Pennsylvania Homestead Tax Relief

The Commonwealth of Pennsylvania's state government enacted a law in 2006 known as the Taxpayer Relief Act. The purpose of the Act is to lower the amount of taxes paid by Pennsylvania residents. A specific measure in the Act was the creation of the Homestead Exclusion, which provides a means to lower the property tax bill of eligible property owners.

Eligibility Requirements

To be eligible for a homestead exclusion, a natural person must be the owner of the property and that property must be both your domicile and primary legal residence. This means the property must be your actual home and the place you return to regularly. Houses, condos and cooperative apartments are all eligible. The homestead exclusion can be given only for residential use. Therefore, any commercial use of the property would lower the exclusion by the percentage of such business use. However, any property owned by a business entity or that is fully used for business purposes is not eligible for any exclusion.

Application Procedure

Eligible property owners have to file an official application with their local Count Assessor's Office. The application must be filed by March 1 to receive a homestead exclusion for that year. The Act requires the local school district to mail an application to all property owners in the jurisdiction by the end of each year. The Assessor's office is required to officially notify the owner within 30 days of receiving the application of either approval or denial.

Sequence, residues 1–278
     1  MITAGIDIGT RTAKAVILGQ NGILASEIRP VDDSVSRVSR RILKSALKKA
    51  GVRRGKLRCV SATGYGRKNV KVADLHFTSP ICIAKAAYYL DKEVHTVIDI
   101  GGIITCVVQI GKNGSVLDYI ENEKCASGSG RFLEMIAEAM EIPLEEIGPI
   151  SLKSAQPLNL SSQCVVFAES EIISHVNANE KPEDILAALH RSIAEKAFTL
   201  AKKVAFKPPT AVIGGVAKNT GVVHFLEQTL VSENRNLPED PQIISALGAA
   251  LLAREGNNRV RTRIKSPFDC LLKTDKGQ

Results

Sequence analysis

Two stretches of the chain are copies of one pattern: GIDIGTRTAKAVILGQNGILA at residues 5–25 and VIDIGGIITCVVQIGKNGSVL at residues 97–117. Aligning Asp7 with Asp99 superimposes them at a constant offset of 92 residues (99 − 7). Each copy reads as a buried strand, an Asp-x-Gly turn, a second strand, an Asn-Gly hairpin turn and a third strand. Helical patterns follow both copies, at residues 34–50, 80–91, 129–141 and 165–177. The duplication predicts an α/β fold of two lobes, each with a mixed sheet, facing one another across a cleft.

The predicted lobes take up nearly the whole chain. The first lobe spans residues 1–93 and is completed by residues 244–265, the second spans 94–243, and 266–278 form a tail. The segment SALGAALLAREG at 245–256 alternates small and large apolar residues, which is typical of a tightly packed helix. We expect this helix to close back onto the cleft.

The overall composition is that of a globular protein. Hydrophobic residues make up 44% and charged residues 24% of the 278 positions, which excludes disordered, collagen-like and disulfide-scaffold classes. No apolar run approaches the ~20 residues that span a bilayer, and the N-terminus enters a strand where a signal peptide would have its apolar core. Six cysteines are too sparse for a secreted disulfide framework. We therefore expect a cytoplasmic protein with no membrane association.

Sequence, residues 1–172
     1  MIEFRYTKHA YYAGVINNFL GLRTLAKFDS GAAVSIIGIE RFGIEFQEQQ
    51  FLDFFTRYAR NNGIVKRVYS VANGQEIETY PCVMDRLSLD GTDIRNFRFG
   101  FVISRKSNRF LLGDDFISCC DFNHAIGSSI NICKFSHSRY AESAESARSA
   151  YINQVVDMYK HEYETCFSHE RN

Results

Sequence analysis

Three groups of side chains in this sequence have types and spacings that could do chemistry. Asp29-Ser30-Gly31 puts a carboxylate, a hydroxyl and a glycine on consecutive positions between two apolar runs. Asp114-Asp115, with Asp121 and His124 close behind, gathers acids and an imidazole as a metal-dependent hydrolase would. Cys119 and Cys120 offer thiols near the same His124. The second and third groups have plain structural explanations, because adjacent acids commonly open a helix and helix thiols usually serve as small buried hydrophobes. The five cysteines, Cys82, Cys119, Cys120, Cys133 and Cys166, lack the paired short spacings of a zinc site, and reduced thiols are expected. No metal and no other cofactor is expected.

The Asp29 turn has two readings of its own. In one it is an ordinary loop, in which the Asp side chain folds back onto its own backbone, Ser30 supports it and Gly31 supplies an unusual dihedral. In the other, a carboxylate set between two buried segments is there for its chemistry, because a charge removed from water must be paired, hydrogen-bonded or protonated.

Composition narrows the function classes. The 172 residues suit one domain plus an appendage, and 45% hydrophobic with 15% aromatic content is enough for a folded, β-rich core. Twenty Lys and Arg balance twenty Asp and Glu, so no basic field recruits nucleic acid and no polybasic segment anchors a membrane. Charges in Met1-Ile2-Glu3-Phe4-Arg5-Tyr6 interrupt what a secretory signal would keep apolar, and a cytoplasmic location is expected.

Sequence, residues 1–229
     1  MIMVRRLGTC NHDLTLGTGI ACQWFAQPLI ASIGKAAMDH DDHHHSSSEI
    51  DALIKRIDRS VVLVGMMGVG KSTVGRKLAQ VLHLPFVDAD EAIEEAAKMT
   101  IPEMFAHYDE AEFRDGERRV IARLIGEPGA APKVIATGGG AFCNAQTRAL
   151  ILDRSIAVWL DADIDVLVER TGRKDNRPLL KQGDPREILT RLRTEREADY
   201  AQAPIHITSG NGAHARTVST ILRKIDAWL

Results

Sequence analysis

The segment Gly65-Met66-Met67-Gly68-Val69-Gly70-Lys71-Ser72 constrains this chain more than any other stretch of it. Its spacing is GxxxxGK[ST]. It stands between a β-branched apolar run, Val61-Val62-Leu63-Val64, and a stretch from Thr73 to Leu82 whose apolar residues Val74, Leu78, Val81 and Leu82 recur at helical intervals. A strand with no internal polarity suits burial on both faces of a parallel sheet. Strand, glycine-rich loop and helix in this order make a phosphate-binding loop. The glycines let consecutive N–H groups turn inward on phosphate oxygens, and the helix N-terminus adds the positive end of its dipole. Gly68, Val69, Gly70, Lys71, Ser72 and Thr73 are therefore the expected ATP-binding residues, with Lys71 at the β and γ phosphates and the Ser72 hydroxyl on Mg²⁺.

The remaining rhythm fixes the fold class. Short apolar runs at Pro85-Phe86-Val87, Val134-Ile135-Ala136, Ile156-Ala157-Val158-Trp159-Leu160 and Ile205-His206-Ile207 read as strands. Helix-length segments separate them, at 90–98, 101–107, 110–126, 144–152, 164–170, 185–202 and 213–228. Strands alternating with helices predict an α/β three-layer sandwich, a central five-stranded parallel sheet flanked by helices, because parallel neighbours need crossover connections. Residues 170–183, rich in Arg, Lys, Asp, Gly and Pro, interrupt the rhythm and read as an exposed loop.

Tax Reduction Amount

Pennsylvania's homestead law does not set a specific exclusion amount for all eligible residents. Each separate school district sets the exclusion amount for all eligible homes within its district yearly based on financial requirements. The Act establishes that the Commonwealth will provide a local school district with extra state funding based on need. The poorer the school district, the higher the state funding — and the exclusion amount.

Other Provisions

A property owner is allowed to have only one homestead property at any given time. If the owner has any other homestead, even in another state, he is ineligible. A owner whose property becomes ineligible due to a change of status, such as renting it out, must officially notify the local Assessor's Office within 45 days of the change. Improperly securing or retaining a homestead exclusion makes the owner liable to monetary penalties and even criminal prosecution for fraud.

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About the Author

Kerry Zias has been a strategic business consultant and college instructor of business administration courses since 1990. He has taught courses and performed professional consulting work in the areas of marketing, management, business start-ups, entrepreneurship, real estate, sales psychology and performance, business communications, business law and political/governmental relations. Zias holds a Master of Business Administration in marketing from National University.

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